>> tax flag. You probably want to fix that date to 12/31/16.
>
> Hi, Adrien.
>
> Thanks for the answer, however I think you got it backwards because I didn't explain it properly: what I find interesting is that the report shows a retained earnings value in the first place, whereas the entry itself was made by me and it's a tax(*) recorded on the same day as the bank statement (hence, correctly, in 2017).
>
> So, I have the following entries:
> 14/01/2015: 53.80
> 20/01/2016: 53.80
> 13/01/2017: 54.10
> 18/01/2018: 54.00
>
> 54.10 showed up in the balance sheet for 2016, 53.80 did not show up for 2015.
>
> Does this additional information still fit your explanation?
>
>
> Thanks again,
> Andrea.
>
> (*) yeah, in Italy you pay a small percentage of your bank account
> balance for the privilege of having a bank account. Funny place, I know.
>
>


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Liz
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Re: [GNC] retained earnings in balance sheet: where does it come from?

Liz
In reply to this post by Andrea Borgia
Andrea Borgia wrote:

> (*) yeah, in Italy you pay a small percentage of your bank account
> balance for the privilege of having a bank account. Funny place, I know.
>

If you have a negative balance do you pay a "negative" tax?
Liz

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Re: [GNC] retained earnings in balance sheet: where does it come from?

Andrea Borgia
Il 10/03/19 10:55, Liz ha scritto:

> If you have a negative balance do you pay a "negative" tax?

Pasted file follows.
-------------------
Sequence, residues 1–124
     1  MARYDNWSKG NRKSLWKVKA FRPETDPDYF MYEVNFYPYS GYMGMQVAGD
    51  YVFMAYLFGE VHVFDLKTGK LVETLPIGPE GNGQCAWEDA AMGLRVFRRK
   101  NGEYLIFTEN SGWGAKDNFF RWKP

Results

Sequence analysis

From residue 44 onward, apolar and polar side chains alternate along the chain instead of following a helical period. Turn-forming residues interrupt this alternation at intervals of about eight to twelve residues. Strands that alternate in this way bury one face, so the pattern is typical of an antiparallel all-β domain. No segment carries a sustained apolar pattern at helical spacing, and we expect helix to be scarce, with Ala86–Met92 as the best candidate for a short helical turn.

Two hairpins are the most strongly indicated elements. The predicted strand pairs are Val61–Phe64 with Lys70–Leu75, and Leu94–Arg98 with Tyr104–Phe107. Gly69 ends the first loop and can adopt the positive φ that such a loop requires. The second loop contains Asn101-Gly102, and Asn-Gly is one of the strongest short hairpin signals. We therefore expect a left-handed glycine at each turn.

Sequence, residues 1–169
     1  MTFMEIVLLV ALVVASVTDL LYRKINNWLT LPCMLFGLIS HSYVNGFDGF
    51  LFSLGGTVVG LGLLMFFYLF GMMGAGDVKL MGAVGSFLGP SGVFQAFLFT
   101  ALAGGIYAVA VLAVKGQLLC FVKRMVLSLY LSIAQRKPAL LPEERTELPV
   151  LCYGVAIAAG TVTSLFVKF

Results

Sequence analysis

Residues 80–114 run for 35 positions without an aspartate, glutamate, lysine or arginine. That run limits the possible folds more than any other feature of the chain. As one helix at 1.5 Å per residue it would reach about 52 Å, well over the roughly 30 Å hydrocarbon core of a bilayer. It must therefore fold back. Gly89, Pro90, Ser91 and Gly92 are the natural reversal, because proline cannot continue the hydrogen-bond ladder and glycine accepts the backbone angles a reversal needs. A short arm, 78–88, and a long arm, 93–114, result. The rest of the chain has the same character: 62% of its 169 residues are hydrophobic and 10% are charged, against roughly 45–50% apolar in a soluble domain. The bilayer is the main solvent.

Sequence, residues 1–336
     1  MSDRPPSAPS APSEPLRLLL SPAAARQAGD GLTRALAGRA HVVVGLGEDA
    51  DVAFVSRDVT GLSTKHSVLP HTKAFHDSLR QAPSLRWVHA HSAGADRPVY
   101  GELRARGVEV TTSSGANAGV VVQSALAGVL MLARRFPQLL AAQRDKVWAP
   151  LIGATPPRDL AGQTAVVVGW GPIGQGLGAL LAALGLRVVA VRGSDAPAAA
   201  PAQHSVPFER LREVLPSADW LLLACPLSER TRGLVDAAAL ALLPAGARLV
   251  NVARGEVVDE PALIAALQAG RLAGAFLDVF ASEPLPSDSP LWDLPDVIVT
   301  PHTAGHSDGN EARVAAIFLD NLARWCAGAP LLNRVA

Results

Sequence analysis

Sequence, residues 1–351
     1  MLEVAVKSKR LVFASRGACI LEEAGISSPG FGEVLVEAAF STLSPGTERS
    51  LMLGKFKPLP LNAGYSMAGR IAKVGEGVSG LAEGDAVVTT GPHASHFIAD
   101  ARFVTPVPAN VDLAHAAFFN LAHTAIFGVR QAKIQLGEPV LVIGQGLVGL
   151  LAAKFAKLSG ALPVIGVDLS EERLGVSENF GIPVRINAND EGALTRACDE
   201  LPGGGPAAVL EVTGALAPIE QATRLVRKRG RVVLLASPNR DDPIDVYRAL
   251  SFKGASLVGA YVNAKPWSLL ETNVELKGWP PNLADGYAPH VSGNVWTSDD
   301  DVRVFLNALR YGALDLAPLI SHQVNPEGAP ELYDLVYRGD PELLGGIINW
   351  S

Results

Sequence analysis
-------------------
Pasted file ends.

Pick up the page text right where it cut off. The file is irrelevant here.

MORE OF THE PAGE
> Liz

I have never tried but I assume you simply would pay nothing.
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Re: [GNC] retained earnings in balance sheet: where does it come from?

Andrea Borgia
In reply to this post by Adrien Monteleone-2
Il 10/03/19 10:16, Adrien Monteleone ha scritto:


> The fact that this is also the same amount as this particular
> transaction you entered for 13/01/17 is purely coincidental. (and
> should be, since it is entered in 2017 and you are running a balance
> sheet as of 31/12/16, unless you *aren’t* setting that report date
> properly) Transactions after 31/12/16 (or whatever date you run your
> balance sheet for) are not part of the report calculation, so they
> can’t affect it.

I'm not a big fan of coincidences where lots of transactions are
involved and the difference matches just one of them.

I had made an error in the P&L calculation for 2016, meaning I had
included that amount as a loss instead of leaving it out. Now that am
splitting the file, I have fixed the mistake for 2016 already and 2017
is next in line.


> 2015 might not show that line, but that would mean your expenses
> match your income exactly for that year, an unlikely but not
> impossible scenario.

No, no, it's downright impossible: I am saving quite a bit each year but
I was closing the books (even before splitting) at the end of the year